Article 3: Exercise and Dietary Intervention For Hypothyroidism

The symptoms of hypothyroidism can be frustrating, alarming and altogether exhausting. When your thyroid is irregular, exercise may be the last thing you feel like doing, but it could be one of the best. A regular exercise plan, along with nutritional support may help alleviate some common hypothyroid symptoms such as fatigue, depression, digestive issues and sore muscles. Here are some strategies to assuage your symptoms.

Do what you can, when you can. Hypothyroidism can make walking feel like running. Setting small goals will allow you to build an exercise program that you can stay with and progress as needed. Recent research has shown that an hour of moderate physical activity each day can increase circulating levels of TSH. [1] If you can’t run, walk, and if a walk feels overwhelming, embark on a stretching or yoga routine to unwind, and relax tender muscles.

Don’t have a free hour every day? Take comfort in research from The University of Gaziantep in Turkey.[2] Scientists have found that working out for brief intervals at anaerobic threshold (about 70% max heart rate) acutely improves circulating levels of TSH. After just nine minutes of high-intensity exercise, participants showed increased TSH levels. Combat fatigue at home with circuits of jumping jacks, jump rope, core work, squat jumps and stairs. Pick your favorite exercise and begin with one-minute intervals to get started. As you feel more comfortable, progress in intensity or time.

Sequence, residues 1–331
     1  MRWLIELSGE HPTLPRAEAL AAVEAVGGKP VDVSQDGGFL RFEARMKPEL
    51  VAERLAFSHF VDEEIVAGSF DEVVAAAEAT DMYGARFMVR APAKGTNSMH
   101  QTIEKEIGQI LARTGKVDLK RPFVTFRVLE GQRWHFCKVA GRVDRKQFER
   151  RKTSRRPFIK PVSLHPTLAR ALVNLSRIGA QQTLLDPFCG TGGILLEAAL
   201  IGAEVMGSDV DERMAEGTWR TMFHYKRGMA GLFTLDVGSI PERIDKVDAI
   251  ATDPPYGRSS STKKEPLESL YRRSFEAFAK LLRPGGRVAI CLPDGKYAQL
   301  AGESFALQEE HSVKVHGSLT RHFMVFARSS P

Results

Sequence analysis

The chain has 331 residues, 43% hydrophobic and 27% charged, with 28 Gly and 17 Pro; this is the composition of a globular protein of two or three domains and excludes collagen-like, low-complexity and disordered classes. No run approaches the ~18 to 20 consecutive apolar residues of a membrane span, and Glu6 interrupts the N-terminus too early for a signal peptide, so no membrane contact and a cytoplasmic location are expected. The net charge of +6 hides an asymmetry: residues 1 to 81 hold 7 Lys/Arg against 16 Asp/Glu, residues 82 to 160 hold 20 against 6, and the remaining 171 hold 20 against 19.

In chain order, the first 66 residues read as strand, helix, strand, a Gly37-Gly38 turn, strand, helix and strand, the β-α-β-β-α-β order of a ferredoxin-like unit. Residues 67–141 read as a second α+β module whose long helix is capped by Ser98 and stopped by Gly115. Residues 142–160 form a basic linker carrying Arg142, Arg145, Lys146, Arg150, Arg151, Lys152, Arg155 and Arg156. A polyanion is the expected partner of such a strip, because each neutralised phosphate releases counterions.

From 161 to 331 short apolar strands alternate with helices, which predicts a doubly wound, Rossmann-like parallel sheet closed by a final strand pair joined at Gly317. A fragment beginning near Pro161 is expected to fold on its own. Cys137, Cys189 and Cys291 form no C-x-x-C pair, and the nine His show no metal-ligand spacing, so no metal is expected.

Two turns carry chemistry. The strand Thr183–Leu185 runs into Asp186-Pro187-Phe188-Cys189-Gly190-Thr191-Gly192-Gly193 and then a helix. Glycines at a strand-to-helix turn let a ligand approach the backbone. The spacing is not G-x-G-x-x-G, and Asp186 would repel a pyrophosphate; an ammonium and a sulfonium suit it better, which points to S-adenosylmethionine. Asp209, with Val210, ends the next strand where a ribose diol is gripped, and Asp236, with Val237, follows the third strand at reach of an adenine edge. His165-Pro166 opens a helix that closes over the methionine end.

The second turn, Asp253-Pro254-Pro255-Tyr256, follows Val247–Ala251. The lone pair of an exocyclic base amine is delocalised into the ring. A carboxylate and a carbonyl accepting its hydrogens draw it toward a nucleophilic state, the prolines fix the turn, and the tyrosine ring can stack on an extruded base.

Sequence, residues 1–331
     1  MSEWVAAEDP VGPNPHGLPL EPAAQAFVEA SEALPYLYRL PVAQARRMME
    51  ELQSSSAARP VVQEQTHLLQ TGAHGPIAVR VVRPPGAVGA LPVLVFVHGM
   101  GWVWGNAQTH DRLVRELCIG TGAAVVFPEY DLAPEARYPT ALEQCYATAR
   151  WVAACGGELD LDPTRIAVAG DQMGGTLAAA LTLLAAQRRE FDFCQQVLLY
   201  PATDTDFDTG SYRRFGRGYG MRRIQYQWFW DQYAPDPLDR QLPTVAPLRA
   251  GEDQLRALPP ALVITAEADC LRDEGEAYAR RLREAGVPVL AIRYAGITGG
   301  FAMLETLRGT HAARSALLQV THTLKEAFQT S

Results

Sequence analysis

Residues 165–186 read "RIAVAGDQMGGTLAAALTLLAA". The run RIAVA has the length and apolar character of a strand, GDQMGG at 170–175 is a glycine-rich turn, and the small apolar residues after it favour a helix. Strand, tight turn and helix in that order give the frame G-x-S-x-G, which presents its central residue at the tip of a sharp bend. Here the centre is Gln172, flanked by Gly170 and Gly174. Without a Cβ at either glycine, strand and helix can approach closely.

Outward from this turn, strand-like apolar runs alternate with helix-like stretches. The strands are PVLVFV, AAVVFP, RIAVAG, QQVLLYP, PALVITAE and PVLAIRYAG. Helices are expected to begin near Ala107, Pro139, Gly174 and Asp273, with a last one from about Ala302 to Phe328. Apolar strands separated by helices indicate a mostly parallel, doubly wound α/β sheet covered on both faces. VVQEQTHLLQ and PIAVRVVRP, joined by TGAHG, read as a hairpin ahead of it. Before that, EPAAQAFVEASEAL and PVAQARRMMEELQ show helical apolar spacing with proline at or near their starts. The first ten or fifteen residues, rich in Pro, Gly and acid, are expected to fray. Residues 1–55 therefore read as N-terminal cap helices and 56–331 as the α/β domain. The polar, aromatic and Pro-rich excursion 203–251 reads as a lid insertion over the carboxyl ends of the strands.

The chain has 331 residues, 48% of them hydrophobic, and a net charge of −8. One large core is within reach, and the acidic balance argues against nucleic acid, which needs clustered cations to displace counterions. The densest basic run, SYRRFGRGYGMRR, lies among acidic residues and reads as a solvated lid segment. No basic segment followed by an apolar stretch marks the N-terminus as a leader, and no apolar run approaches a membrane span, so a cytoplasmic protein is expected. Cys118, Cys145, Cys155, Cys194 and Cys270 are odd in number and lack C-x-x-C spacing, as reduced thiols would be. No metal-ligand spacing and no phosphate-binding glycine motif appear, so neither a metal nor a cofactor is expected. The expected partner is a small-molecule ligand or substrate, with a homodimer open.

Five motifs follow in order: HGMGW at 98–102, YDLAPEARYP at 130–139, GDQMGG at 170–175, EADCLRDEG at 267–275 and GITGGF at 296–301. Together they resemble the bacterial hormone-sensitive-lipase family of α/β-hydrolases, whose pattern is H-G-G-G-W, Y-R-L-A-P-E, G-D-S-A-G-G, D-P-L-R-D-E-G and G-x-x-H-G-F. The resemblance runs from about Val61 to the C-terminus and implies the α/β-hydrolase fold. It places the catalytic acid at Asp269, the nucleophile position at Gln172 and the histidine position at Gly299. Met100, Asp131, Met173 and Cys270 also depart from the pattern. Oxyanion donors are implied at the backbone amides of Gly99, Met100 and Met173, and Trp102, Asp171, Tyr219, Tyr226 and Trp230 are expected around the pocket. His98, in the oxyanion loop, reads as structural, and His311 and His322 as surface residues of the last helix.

Fitness is also a great way to combat the anxiety and depression that can accompany hypothyroidism. While exercise may be the all-around best mood enhancer, finding the motivation when you’re feeling low can be a challenge. Schedule wellness classes with friends, commit to a walking group or a team sport and keep a journal of how you feel before and after each fitness session to bolster and move yourself.

Nutritional support can be an equally important part of self-care when contending with a thyroid condition. Studies by the National Institute of Public Medicine have found that selenium may decrease anti-TPO anti-bodies in patients with Hashimotos Thyroiditis. [3] It is important to check with your doctor before taking any supplements. Selenium is also readily available in a variety of foods. Seafood, brazil nuts, poultry, eggs, shellfish, and seeds are all great sources of selenium. The daily recommendation of selenium for adults is 55 mcg.

Living with hypothyroidism can be a challenge but this is your life. Some days will be harder than others. Do what you can when you can. Record when you feel at your best. Augment your self-care with nutritional support. Find ways to make exercise a fun and fulfilling part of your day. You’re doing great.

[1] “The effect of regular physical exercise on the thyroid function of treated hypothyroid patients.”

[2] “Exercise Intensity and Its Effects On Thyroid Hormones”

[3] “Selenium and the Thyroid Gland: More Good News For Clinicians.”